David M. Rosenthal (director)

David Mitchell Rosenthal (born March 23, 1969[1][2]) is an American screenwriter, film director and producer. He is the director of the films Janie Jones, Falling Up and The Perfect Guy.

This biography of a living personneeds additional citations for verification, as it includes attribution to IMDb. (May 2016)
David M. Rosenthal

Rosenthal in 2013 at the Deauville American Film Festival
Born
David Mitchell Rosenthal

(1969-03-23) March 23, 1969 (age 52)

Occupation Film director, screenwriter, film producer

. . . David M. Rosenthal (director) . . .

Rosenthal was born in New York City, New York, the son of Dr. Mitchell S. Rosenthal, founder and Chairman of Phoenix House, and cookbook author Ellen Wright.[citation needed]

He was educated at Pomfret School in Connecticut and went on to graduate with a Bachelor of Arts from Colorado State University, a Master of Fine Arts in Poetry from Sarah Lawrence College and a Master of Fine Arts in Filmmaking from the American Film Institute.[3]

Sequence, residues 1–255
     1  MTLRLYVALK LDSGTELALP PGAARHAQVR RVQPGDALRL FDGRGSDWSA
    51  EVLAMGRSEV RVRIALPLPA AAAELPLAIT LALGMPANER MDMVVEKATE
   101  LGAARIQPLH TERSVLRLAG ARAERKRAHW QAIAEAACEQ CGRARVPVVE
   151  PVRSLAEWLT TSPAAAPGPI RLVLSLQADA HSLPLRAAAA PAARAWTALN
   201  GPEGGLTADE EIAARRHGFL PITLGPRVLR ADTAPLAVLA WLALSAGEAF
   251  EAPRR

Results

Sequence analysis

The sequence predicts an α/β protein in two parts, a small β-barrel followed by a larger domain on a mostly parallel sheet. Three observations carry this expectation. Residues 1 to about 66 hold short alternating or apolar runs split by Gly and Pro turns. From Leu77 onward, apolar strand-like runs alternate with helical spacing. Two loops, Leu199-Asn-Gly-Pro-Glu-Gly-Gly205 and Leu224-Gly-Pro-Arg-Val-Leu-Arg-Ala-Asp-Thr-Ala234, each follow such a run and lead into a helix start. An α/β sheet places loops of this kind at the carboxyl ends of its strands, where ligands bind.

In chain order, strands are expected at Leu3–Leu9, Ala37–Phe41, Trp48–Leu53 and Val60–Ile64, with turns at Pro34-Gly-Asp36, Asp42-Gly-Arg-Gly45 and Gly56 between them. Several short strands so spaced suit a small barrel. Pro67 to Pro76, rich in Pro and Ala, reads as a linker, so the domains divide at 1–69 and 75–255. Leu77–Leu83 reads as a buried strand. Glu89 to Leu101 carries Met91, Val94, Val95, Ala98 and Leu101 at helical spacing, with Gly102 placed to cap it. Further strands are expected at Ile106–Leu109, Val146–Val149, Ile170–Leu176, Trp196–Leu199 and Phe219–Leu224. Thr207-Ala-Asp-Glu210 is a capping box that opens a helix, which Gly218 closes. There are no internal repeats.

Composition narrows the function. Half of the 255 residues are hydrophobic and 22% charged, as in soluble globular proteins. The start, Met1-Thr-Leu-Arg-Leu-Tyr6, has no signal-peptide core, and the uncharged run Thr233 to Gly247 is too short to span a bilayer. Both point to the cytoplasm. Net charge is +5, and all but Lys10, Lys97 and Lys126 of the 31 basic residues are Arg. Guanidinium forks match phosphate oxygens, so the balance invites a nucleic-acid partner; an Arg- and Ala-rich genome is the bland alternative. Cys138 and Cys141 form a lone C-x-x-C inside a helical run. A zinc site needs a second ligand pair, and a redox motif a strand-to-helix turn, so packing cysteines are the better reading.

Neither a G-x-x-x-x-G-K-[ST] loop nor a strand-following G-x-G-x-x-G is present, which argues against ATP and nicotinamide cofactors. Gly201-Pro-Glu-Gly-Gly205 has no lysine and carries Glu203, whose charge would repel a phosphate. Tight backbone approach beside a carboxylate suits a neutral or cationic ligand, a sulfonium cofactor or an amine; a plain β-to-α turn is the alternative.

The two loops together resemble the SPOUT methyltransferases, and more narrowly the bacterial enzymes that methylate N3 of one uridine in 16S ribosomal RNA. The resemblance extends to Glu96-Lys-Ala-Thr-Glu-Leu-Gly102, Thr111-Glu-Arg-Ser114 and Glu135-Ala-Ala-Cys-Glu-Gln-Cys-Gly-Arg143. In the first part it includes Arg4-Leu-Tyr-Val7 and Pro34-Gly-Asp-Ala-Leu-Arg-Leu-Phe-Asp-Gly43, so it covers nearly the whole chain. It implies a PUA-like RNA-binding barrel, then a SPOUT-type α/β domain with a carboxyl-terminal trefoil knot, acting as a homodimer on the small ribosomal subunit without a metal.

Rosenthal’s career with film began with writing and photography at a young age. Growing up in New York City, he began shooting and studying photography in high school, and started writing soon after. He earned a Masters in poetry from Sarah Lawrence College and subsequently began publishing poetry in such literary magazines as The Paris Review. David’s first book of poetry was published in 2000. In the same year he became a member of The Actors Studio playwrights unit with Mark Rydell.[citation needed]

Rosenthal’s love of writing and film soon led him to the American Film Institute, where he received another Master’s degree. A year after graduating, his first short film, Absence was bought and distributed to networks around the world including Canal+, HBO Latin America, PBS, Encore, and Starz.[citation needed]

His documentary feature, entitled Dylan’s Run, which he produced and directed, followed the campaign trail of Dylan Glenn, who made history by becoming the first black republican to run for a congressional seat in the Deep South since Reconstruction.[citation needed]

. . . David M. Rosenthal (director) . . .

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